Solutions? Still Looking ....

Solutions? Still Looking ....

mere luck. When Nadal’s signature serves wide from the ad court are blasted for return winners, you know you are witnessing something special. It might not be an overstatement to say that Djokovic did a great job “holding” his return of serve. The most scary statistic: Nadal lost every second point on his first serve. And this was when Nadal was not playing bad himself. He broke Djokovic six times in the first three sets and saved 15 break points. Even though his backhand was no match against Djokovic, he kept himself alive in rallies using great combination of slices, forehands and change of pace. He fought from the deepest hole when Djokovic was serving for the match in the third to extend it for another set.

In the end he kept everything in perspective during the press interview by saying he is closer to finding the solution than he was at Wimbledon. Which he is, considering he kept the scoreline same on his worst surface (hard courts) compared to Djokovic’s worst (grass). Djokovic, on the other hand, is still trying to come back to earth. When asked about his accomplishments this year he rightly said it will take time to realize what he has done. For him, as well as for us. 66-2 and counting …

U.S. Open 2011: The Super Saturday

Sep 9, 2011 Leave a comment

The weather Gods have created havoc at Arthur Ashe, controversies were raised due to the schedule and the playing conditions, while a revolt was threatened surrounding the prospect of playing four matches in four days. Despite all this, the tournament has survived and the Super Saturday is upon us. Whether or not the players like it, whether or not the fans moan on the repercussions of playing back to back best of five set matches, it is hard to deny that a marquee line up like tomorrow’s makes us forget everything and anxiously wait for the day to begin.

For the second time in a major this year, the top-4 men have lived up to their seeding to secure all four semifinal berths. And it took extreme circumstances — Rafael Nadal’s injury and Jo Wilfried Tsonga’s magical comeback after being down two sets — to make sure that the remaining two majors didn’t end up this way. Each pair among the top four have set mini rivalries among them (and Federer-Nadal rivalry is already considered one of the greatest), have scores to settle, mental battles to win, and points to prove. The only downside of this is that a thrilling first match soaks out all your emotional energy and the second one usually turns into an anti-climax as it happened at the French Open. Regardless, this always ensures that tennis takes precendence over other television shows on the day and it is good news for the game.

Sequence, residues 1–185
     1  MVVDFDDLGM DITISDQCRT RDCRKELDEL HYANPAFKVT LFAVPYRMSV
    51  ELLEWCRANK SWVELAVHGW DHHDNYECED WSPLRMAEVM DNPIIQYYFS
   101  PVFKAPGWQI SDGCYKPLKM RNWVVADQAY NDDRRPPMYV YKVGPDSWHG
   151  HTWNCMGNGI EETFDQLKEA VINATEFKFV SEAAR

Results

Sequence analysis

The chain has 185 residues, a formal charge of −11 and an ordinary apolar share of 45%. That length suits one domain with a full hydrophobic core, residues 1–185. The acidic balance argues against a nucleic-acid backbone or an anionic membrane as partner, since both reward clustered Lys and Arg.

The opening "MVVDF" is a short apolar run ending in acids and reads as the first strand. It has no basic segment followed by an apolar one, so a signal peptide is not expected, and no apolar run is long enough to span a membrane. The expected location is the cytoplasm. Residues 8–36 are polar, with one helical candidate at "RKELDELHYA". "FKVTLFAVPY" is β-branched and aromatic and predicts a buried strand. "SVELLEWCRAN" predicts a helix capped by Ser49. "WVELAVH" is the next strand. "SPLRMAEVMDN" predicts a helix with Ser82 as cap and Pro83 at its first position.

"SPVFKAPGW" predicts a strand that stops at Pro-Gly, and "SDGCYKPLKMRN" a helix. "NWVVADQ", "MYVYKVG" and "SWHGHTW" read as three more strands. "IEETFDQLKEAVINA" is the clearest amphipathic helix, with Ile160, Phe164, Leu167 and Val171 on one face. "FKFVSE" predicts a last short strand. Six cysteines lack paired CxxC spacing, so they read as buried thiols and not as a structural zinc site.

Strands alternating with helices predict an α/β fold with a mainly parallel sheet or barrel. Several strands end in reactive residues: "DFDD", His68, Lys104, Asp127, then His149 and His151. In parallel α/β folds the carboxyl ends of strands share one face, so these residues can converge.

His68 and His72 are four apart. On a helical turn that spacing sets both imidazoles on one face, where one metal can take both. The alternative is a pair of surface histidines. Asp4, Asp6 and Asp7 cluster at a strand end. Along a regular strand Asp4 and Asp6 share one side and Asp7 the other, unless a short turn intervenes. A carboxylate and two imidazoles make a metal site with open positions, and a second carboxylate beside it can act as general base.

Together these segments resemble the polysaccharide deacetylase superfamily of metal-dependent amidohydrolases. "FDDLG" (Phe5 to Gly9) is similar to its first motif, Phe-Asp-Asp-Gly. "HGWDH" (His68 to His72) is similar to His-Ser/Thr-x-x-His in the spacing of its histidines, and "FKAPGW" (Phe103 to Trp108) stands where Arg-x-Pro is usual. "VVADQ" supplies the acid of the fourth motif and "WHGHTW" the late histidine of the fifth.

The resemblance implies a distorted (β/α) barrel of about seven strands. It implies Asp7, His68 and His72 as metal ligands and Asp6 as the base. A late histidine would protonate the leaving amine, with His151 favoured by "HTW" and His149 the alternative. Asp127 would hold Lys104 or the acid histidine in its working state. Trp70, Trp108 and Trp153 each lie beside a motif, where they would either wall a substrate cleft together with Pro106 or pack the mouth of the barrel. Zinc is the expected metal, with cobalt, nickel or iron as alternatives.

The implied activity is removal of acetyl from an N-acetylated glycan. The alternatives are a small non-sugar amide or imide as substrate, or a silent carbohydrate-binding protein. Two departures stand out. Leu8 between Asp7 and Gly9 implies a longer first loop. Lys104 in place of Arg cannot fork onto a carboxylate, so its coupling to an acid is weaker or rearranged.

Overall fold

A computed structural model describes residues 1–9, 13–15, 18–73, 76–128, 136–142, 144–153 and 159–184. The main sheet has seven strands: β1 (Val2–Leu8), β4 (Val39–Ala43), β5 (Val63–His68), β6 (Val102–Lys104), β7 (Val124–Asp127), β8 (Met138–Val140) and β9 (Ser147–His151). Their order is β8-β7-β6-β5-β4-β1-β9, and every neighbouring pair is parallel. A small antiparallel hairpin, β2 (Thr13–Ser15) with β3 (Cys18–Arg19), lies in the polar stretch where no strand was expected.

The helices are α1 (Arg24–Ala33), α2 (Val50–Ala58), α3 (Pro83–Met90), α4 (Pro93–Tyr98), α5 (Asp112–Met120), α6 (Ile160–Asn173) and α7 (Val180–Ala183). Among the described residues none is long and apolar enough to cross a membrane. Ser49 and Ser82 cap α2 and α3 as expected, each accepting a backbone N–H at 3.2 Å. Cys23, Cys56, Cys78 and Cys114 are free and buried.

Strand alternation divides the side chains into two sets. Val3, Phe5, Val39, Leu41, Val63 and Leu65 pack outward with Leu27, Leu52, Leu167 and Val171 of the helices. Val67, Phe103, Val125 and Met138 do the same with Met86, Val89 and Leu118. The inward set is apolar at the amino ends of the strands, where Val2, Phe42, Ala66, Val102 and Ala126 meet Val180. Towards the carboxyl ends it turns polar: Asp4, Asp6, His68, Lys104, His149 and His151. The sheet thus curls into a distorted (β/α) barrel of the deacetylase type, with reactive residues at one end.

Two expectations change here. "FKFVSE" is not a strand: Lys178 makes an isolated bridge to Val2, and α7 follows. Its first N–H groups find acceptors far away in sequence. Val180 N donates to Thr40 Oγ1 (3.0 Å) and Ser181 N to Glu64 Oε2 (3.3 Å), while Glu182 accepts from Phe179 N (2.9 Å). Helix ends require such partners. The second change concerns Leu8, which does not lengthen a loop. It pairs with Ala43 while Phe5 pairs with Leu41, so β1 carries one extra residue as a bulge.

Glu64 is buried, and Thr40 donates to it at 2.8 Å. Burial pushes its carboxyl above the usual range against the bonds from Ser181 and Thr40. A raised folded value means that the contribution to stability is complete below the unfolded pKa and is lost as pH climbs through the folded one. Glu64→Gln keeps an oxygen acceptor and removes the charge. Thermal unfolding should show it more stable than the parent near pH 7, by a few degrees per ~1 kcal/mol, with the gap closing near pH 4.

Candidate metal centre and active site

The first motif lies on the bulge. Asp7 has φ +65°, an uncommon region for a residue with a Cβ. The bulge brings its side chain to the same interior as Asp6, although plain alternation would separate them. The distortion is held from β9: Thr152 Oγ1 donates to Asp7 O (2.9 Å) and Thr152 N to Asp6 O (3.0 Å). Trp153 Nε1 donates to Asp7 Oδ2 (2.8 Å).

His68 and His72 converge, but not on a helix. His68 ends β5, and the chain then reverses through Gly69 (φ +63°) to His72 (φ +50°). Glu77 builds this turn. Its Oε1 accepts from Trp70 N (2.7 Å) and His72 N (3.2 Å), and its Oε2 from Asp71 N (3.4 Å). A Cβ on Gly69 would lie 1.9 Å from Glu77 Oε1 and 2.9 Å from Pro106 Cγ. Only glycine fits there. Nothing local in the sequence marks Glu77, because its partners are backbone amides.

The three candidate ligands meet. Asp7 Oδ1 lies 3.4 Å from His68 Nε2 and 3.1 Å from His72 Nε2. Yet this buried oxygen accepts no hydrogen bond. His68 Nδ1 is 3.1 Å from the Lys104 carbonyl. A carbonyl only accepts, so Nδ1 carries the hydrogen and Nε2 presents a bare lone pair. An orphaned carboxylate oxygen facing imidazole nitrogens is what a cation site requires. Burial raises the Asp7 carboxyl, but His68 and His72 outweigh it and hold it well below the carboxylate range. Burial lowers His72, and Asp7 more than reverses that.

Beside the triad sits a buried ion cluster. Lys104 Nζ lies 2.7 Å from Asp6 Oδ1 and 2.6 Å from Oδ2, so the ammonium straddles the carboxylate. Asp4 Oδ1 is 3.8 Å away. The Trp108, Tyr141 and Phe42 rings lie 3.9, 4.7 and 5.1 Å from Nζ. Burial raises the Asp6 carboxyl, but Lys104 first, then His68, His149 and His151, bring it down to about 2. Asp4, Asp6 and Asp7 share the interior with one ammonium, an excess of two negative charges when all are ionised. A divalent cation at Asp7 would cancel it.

If this is not enough, the women’s side also has enough drama awaiting. The top-half semifinal between Caroline Wozniacki and Serena Williams will answer a definite question — Is Serena still head and shoulders above the womens’ tour or is Wozniacki the real No. 1? The other half will answer us whether Sam Stosur has really laid the demons of her French Open defeat or not. Lets have a look at all the semifinal matchups.

Novak Djokovic (1) vs Roger Federer (3): Courage Under Fire

I have rarely seen the five time US Open champ look towards his camp right after the victory. One was when he defeated Nadal in Madrid ’09 and other when he won the World Tour Finals in ’10. It is even rare that he looks towards his camp during the match. Yet his camp received a lot of fist pumps and “Come On!”s yesterday when he played Tsonga. Clearly Federer has a point to prove, if not to the world, then to himself. The last time he was in such a position, he played the best match of this year and handed Novak Djokovic his only loss for 2011. The French Open semis was a near flawless performance and he will need to repeat this tomorrow.